3. Test your function by interpolating the polynomial that passes through the following points, again by
evaluating it at xval=xdata.
xdata = np . a r r a y ( [ −3, −2, −1, 0 , 1 , 2 , 3 ] )
ydata = np . a r r a y ( [ 1 6 3 6 , 2 4 7 , 2 8 , 7 , 4 , 3 1 , 412 ] )
4. Consider the function f(x) = tan−1
(40x − 15), over the interval [0,1]. Write a Python file hill.py
which evaluates this function. Let xdata be 7 equally spaced points in the interval, define ydata =
f(xdata), and let l(x) be the resulting Lagrange interpolant to this data.
Using 101 sample points in the interval [0,1], evaluate f(x) and l(x). Compute and print the maximum
absolute value of their difference. Instead of being tiny, this difference will probably be substantial.
Can you explain why?
Plot f(x) and l(x) together. Also display the 7 data values, where the two functions should agree,
using a command like
p l t . pl o t ( xdata , ydata , ’ r o ’ , m a r k e r si z e = 15 )
Does your Lagrange function interpolate f(x) well? Does it approximate f(x) well?
10 Exercise 6
When the function to be interpolated is not a polynomial, then away from the data points, the function and
interpolant will disagree. We usually have the choice of increasing the number of interpolation points, but
is this likely or guaranteed to make the interpolant closer to the function?
You will construct interpolants for the hyperbolic sine function sinh(x) and see that it and its polynomial
interpolant are quite close.
1. We would like to interpolate the function y = sinh(x) on the interval [−π, π], so use the following
outline to examine the behavior of the polynomial interpolant for five evenly-spaced points. Put these
commands into a file exercise6.py.
8
import m a t pl o tli b . p y pl o t a s p l t
import numpy a s np
# c o n s t r u c t da ta p o i n t s
ndata = 5
xdata = np . l i n s p a c e ( −np . pi , np . pi , ndata )
ydata = np . si n h ( xdata )
# c o n s t r u c t many t e s t p o i n t s
n v al = 4001
x v al = np . l i n s p a c e ( ? ? ? , ? ? ? , n v al )
# c o n s t r u c t t h e t r u e t e s t p o i n t v al u e s , f o r r e f e r e n c e
yvalTrue = np . si n h ( ? ? ? )
# Ev al u a te t h e i n t e r p o l a n t a t t h e t e s t p o i n t s
y v al = e v a l l a g ( ? ? ? , ? ? ? , x v al )
# e s t im a t e t h e r e l a t i v e a p pr ox im a t i on e r r o r o f t h e i n t e r p o l a n t
e r r = max ( abs ( yvalTrue − y v al ) ) / max ( abs ( yvalTrue ) )
# p l o t r e f e r e n c e v a l u e s and i n t e r p o l a t i o n da ta .
p l t . pl o t ( xval , yvalTrue , ’ g ’ , li n e wi d t h = 4 )
p l t . pl o t ( xdata , ydata , ’ r o ’ , m a r k e r si z e = 15 )
p l t . pl o t ( xval , yval , ’ k ’ )
p l t . s a v e f i g ( ’ e x e r c i s e 6 . jp g ’ )
p l t . show ( )
2. By zooming, confirm visually that the function and its interpolant agree at the interpolation points.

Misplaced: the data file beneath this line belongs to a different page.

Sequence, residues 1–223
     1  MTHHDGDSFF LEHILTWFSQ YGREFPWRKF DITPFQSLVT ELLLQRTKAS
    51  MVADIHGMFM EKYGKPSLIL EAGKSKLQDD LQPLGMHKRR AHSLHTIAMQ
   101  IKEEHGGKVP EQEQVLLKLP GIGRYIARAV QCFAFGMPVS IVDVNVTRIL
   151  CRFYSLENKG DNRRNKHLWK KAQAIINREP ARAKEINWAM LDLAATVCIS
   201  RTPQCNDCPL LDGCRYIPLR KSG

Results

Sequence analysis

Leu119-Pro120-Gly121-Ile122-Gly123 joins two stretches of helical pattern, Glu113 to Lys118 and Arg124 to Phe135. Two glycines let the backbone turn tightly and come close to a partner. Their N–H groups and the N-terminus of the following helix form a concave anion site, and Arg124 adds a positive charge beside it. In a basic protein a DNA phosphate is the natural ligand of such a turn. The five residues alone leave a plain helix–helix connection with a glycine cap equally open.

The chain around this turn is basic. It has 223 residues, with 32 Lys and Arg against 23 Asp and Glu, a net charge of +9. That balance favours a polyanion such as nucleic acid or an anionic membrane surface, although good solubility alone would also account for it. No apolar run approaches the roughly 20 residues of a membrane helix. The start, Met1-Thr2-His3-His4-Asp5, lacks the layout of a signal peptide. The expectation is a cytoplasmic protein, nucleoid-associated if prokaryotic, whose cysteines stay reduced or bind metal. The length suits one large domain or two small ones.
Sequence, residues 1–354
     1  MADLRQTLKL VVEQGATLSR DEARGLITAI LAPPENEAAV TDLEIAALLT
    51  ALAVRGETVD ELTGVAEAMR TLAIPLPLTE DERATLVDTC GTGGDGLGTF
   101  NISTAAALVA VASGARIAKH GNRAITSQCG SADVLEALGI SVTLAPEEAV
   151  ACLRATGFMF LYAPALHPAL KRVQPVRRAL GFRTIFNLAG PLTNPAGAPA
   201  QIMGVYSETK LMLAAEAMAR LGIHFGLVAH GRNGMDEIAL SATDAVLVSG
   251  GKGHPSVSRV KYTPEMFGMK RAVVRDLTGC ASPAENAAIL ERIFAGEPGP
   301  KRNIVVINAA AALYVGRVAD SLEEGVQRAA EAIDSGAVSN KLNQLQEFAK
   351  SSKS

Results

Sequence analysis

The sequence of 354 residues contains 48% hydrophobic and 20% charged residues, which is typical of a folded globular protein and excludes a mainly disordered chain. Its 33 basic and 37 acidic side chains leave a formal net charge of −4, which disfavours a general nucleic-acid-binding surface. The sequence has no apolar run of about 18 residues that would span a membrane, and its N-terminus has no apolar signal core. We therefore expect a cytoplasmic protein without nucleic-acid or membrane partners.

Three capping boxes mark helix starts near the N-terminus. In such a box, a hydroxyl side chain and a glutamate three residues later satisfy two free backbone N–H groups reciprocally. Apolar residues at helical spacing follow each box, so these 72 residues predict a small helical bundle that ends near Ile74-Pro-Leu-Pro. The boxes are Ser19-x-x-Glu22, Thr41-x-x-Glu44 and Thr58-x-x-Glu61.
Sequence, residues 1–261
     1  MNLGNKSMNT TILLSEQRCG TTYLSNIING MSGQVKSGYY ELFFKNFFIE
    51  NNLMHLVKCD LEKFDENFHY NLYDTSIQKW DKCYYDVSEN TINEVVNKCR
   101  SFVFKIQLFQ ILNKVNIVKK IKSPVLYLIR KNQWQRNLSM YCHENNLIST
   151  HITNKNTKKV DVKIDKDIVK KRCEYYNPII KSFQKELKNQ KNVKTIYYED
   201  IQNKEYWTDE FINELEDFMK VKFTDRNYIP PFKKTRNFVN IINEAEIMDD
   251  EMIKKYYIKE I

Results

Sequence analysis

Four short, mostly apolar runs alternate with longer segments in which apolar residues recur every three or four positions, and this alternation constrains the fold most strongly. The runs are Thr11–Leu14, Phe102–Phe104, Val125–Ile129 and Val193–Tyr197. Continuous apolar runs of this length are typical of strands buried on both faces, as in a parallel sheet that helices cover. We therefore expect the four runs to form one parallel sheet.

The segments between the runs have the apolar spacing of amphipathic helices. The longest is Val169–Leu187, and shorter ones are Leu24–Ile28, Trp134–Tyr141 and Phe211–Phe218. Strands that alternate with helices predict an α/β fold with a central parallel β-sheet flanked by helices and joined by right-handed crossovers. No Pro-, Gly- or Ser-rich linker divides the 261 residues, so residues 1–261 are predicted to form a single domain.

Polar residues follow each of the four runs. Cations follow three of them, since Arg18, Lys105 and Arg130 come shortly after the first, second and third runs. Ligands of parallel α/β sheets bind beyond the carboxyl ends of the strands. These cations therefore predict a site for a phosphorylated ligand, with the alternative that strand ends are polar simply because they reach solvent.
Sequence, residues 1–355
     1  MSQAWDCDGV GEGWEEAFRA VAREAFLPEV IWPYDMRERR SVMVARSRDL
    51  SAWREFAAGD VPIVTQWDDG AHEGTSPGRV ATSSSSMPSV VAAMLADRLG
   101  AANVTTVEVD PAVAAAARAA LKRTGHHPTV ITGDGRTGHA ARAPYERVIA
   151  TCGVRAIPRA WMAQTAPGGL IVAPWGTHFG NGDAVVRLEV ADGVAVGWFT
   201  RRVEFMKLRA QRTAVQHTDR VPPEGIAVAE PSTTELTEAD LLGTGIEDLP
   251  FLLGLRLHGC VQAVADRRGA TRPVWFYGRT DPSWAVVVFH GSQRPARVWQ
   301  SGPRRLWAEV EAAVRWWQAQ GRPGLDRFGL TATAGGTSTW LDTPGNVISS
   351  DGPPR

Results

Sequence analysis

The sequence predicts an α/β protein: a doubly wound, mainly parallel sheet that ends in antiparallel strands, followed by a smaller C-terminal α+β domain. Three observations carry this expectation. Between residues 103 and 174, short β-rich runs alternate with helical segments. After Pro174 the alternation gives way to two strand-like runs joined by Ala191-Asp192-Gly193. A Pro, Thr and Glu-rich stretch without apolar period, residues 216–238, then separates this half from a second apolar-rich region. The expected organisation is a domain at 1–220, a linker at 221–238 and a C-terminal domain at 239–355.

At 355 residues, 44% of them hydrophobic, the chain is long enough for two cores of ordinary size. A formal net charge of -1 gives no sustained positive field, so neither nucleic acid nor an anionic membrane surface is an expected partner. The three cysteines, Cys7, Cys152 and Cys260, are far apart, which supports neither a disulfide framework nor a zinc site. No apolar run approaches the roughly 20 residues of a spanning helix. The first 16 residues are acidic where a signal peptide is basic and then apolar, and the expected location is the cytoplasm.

3. Increasing ndata gives higher degree interpolation polynomials. Does this reduce the interpolation
error? Fill in the following table.
ndata Err
5 ________
11 ________
21 ________
You should observe that the approximation error becomes quite small as ndata is increased. Technically, all polynomials, as well as sinh(), are entire functions, which turns out to mean they can be well
approximated with our approach. In the following exercise, you will interpolate a function that is not entire.
11 Exercise 7
1. Write a file runge.py which evaluates the Runge function y =
1
1+x2 .
2. Copy exercise6.py to exercise7.py and modify it to use the Runge function, over the interval [-4,+4],
starting as before with ndata=5. Examine the plot, and verify that the interpolant and the Runge
function agree at the data points. Please send me the plot it generates.
3. Using more data points gives higher degree interpolation polynomials. Let’s see if higher degree means
lower error. Fill in the following table.
ndata Err
5 ________
9
11 ________
21 ________
Many people expect that an interpolating polynomial p(x) gives a good approximation to the function
f(x) everywhere, no matter what function we choose. If the approximation is not good, we expect it to get
better if we increase the number of data points. These expectations will be fulfilled only when the function
does not exhibit some “essentially non-polynomial” behavior. You will see why the Runge function cannot
be approximated well by polynomials.
12 Exercise 8
The Runge function has Taylor series
1
1 + x
2
= 1 − x
2 + x
4 − x
6 + . . . (6)
which has the (infinite) coefficient vector [1,0,-1,0,1,0,-1,0,…].
This series has a radius of convergence of 1 in the complex plane. Polynomials, on the other hand, are
entire functions, meaning that their Taylor series converge everywhere in the complex plane. Any finite sum
of polynomials must be entire, and no entire function can interpolate the Runge function on a disk with
radius larger than one about the origin in the complex plane. If there were one, it would have to agree with
the series (6) inside the unit disk, but the series diverges at x = i and an entire function cannot have an
infinite value (a pole).
1. Make a copy of exercise7.py called exercise8.py that uses coef vander() and polyval() to evaluate
the interpolating polynomial rather than eval lag().
2. Look at the tendency of the coefficients ck of the interpolating polynomials by filling in the following
table.
ndata=5 c[ 0]= _____ c[ 2]= _____ c[ 4]= _____
ndata=11 c[ 0]= _____ c[ 2]= _____ c[ 4]= _____ c[ 6]= _____ c[ 8]= _____ c= _____
ndata=21 c[ 0]= _____ c[ 2]= _____ c[ 4]= _____ c[ 6]= _____ c[ 8]= _____ c= _____
Taylor +1 -1 +1 -1 +1 -1
You should see that the interpolating polynomials are “trying” to reproduce the Taylor series (6). These
polynomials cannot agree with the Taylor series at all points, though, because the Taylor series does not
converge at all points.
13 Trigonometric interpolation
Instead of using powers of x to build our approximation, trigonometic interpolation uses combinations of